Dean Cross, a visual artist, choreographer and performer with Worimi heritage, has created a double portrait of Sidney Nolan and Sunday Reed for Heide Editions. “He picked up a leaf from the beautiful oak tree that John Reed planted behind the original Heide cottage,” says Harding. Using both sides of the leaf, he produced “a symbolic artwork” that Harding says straddles Heide’s past and the present moment.

Glenn Barkley left his role as senior curator at Museum of Contemporary Art in Sydney to pursue his love of ceramics. For Heide Editions, Barkley has produced Lockdown Soap Dish 2021, 40 one-off ceramic vessels created in his inimitable, highly textural style. Barkley has a long association with Heide. “Glenn has co-curated three exhibitions with me since 2012 and curated and exhibited in a fourth,” says Harding. “He has a very deep connection with Heide. He knows the place intimately having worked with us over a number of years, on a number of projects.”

Melanie Katsalidis is a Melbourne-based jeweller who often visited Heide as a child with her father, an architect. “We very much connected over the Heide story,” says Harding. “She loves visiting and thinks it’s one of the most special places in Melbourne.”

Harding asked Katsalidis to design a piece that was “intrinsically Heide”. In response, Katsalidis created a series of opal pendants inspired by three of the strong and singular women associated with the museum. “Mel is very interested in Australian opals and has been working away quietly reclaiming them away from the kitsch tourist market ,” Harding says.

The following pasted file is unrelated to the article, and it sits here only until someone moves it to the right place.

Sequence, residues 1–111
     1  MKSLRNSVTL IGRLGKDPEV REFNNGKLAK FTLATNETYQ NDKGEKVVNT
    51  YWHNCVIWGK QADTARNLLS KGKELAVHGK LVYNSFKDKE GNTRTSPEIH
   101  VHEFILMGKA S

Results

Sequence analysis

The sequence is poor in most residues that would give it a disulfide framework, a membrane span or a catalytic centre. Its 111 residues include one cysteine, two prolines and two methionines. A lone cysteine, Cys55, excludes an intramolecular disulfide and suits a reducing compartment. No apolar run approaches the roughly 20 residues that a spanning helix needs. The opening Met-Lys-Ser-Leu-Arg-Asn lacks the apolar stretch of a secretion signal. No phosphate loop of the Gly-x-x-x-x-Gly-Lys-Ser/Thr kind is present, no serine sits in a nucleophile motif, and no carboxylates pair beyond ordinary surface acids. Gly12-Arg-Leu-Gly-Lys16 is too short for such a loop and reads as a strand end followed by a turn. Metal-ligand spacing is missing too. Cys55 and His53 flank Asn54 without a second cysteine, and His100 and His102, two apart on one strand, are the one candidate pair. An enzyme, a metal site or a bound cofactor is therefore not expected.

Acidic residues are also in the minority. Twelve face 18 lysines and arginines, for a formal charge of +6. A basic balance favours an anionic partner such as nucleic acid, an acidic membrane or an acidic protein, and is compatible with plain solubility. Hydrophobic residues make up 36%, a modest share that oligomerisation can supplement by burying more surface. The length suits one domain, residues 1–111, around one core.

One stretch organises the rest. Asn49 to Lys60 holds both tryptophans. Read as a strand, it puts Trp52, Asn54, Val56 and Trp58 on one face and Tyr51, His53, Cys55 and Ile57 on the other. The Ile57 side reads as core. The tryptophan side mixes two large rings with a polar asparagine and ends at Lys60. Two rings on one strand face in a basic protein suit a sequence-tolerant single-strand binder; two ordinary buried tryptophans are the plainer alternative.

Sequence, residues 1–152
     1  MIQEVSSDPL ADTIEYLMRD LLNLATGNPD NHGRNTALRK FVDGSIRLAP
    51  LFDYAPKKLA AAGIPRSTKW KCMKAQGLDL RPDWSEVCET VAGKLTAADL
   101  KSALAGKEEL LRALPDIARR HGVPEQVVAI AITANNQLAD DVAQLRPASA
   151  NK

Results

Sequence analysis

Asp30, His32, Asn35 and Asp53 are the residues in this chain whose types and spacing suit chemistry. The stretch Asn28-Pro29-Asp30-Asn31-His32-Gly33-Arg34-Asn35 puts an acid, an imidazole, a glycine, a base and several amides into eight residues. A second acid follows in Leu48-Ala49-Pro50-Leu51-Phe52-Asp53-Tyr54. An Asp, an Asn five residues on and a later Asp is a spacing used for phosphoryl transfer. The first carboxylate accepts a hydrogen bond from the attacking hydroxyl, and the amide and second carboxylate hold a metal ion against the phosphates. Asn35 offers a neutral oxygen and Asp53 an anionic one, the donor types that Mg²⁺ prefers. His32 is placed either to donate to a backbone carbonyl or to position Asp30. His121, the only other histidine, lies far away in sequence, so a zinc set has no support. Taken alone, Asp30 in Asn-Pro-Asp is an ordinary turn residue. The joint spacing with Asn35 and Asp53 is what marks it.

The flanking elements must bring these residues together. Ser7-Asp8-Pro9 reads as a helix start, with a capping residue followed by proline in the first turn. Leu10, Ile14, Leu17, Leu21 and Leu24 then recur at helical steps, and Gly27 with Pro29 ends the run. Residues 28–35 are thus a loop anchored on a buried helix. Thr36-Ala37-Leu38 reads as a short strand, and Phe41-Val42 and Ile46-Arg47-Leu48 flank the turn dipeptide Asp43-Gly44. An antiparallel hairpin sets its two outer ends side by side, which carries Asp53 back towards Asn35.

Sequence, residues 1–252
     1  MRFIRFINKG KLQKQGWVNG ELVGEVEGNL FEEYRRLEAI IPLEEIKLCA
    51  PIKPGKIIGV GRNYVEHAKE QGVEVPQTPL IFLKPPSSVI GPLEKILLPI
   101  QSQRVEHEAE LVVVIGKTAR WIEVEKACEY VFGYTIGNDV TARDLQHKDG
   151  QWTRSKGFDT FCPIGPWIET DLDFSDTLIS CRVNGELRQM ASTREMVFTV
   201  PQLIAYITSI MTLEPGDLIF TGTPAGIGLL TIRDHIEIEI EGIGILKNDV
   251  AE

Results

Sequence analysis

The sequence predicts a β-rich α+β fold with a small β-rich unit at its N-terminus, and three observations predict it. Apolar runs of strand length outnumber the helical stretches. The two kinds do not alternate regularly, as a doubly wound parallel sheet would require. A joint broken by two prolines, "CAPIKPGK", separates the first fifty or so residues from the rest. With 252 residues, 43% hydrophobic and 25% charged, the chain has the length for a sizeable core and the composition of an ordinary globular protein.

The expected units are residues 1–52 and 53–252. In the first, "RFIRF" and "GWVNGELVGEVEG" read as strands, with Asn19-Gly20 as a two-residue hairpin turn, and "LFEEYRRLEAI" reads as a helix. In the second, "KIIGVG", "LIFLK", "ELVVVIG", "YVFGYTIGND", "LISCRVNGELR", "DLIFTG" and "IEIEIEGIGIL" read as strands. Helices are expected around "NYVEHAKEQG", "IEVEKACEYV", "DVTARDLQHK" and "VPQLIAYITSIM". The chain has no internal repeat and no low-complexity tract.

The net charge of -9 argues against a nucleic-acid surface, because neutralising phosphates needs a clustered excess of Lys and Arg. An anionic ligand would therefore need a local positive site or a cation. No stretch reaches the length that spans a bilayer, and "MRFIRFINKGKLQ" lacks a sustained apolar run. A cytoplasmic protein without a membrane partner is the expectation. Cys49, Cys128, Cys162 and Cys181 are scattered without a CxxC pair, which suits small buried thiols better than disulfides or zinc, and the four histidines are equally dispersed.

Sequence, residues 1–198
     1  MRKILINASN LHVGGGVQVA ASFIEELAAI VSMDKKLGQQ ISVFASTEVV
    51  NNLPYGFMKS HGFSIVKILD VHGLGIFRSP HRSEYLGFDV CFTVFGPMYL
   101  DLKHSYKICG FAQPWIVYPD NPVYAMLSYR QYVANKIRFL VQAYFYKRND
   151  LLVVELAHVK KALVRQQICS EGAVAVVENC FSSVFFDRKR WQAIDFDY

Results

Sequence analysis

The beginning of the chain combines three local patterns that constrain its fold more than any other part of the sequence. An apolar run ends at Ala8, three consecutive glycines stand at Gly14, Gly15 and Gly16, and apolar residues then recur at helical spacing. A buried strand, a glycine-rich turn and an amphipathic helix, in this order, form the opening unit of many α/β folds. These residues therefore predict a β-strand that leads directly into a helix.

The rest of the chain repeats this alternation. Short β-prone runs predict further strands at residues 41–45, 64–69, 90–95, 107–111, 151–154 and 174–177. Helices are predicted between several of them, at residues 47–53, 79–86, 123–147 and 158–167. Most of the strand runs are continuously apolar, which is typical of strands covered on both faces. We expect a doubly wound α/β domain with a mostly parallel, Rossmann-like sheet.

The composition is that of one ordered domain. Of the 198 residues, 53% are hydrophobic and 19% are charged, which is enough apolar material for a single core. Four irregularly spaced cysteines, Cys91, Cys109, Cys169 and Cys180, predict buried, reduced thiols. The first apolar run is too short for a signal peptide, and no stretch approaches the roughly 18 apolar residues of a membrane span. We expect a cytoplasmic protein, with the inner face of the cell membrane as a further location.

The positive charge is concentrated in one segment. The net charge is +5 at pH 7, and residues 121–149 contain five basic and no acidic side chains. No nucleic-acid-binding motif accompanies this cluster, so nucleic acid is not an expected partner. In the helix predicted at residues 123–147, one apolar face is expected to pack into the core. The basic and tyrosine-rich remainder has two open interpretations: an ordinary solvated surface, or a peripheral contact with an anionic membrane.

Katsalidis’ offering includes the Sunday pendant, inspired by the museum’s founder Sunday Reed; the Cynthia pendant, celebrating Cynthia Reed Nolan’s contribution to Australian art; and the Mirka pendant, in honour of artist Mirka Mora’s achievements. Mirka is a figure “who we all know and love,” says Harding, who – with her colleague Kendrah Morgan –co-wrote the book, Mirka & Georges: A Culinary Affair. “She’s not only a Melbourne institution but she’s very connected to Heide. We’ve worked very closely with Mirka over the years,” Harding says.

In early 2021, Georgie and Alex Cleary, the sibling duo behind Melbourne label Alpha60, collaborated with contemporary visual artist Patricia Piccinini under the auspices of Heide to create a stunning series of limited-edition jacquard blankets featuring three of Piccinini’s arresting artworks.

“They were eager to work with us again, and we with them,” says Harding of the Cleary siblings. “They too love the architecture and atmosphere and simple palette of Heide Modern.” The designers came up with a raft of ideas, says Harding, “but we settled on a scarf using imagery from our beautiful modernist building”.

The finished product is Stairs in Heide Modern Scarf, a woven jacquard scarf inspired by the museum’s steps, the designers’ favourite part of the space. Georgie, who was married in the gardens, says “Heide is a magical place for us”.

Buy Heide Editions from the Heide Shop.